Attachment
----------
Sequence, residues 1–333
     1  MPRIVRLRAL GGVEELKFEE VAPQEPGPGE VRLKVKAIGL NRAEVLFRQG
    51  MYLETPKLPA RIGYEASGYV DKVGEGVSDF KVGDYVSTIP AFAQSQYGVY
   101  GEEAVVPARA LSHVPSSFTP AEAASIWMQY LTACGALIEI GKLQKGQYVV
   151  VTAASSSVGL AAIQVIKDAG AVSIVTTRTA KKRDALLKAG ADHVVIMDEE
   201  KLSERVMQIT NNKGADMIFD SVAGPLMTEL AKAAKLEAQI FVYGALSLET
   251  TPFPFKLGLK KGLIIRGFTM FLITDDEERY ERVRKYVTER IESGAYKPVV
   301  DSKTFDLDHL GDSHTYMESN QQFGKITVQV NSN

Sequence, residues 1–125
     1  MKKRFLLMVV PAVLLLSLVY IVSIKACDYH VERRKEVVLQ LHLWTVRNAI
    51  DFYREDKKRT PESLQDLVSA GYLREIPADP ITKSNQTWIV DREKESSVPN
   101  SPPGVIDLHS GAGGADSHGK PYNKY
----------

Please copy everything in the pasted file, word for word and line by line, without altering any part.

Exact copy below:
Sequence, residues 1–333
     1  MPRIVRLRAL GGVEELKFEE VAPQEPGPGE VRLKVKAIGL NRAEVLFRQG
    51  MYLETPKLPA RIGYEASGYV DKVGEGVSDF KVGDYVSTIP AFAQSQYGVY
   101  GEEAVVPARA LSHVPSSFTP AEAASIWMQY LTACGALIEI GKLQKGQYVV
   151  VTAASSSVGL AAIQVIKDAG AVSIVTTRTA KKRDALLKAG ADHVVIMDEE
   201  KLSERVMQIT NNKGADMIFD SVAGPLMTEL AKAAKLEAQI FVYGALSLET
   251  TPFPFKLGLK KGLIIRGFTM FLITDDEERY ERVRKYVTER IESGAYKPVV
   301  DSKTFDLDHL GDSHTYMESN QQFGKITVQV NSN

Sequence, residues 1–125
     1  MKKRFLLMVV PAVLLLSLVY IVSIKACDYH VERRKEVVLQ LHLWTVRNAI
    51  DFYREDKKRT PESLQDLVSA GYLREIPADP ITKSNQTWIV DREKESSVPN
   101  SPPGVIDLHS GAGGADSHGK PYNKY